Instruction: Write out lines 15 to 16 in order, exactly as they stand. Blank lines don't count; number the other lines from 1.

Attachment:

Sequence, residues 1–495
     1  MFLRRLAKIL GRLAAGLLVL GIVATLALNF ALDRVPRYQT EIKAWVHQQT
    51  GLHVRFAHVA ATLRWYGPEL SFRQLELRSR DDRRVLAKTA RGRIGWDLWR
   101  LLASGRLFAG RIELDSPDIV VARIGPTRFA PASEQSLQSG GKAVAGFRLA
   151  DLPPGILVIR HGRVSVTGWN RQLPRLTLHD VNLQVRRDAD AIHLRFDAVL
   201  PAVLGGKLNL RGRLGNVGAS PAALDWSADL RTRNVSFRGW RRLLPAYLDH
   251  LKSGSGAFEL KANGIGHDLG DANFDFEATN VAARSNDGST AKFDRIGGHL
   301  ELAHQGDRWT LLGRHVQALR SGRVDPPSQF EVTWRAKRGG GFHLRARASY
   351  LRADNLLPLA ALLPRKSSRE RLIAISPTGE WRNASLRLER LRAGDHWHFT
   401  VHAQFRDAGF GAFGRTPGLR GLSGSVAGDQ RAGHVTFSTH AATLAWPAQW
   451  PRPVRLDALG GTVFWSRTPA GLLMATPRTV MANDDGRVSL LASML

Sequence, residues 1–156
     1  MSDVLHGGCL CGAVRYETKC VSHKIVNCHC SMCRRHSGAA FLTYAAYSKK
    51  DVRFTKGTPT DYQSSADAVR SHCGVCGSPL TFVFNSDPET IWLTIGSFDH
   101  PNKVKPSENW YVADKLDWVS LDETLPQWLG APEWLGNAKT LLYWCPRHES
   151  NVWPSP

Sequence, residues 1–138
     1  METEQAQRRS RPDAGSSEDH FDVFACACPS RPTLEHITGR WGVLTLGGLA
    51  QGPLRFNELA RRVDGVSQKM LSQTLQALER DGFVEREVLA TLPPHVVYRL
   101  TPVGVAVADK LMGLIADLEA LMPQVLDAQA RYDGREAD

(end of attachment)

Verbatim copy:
   101  PNKVKPSENW YVADKLDWVS LDETLPQWLG APEWLGNAKT LLYWCPRHES
   151  NVWPSP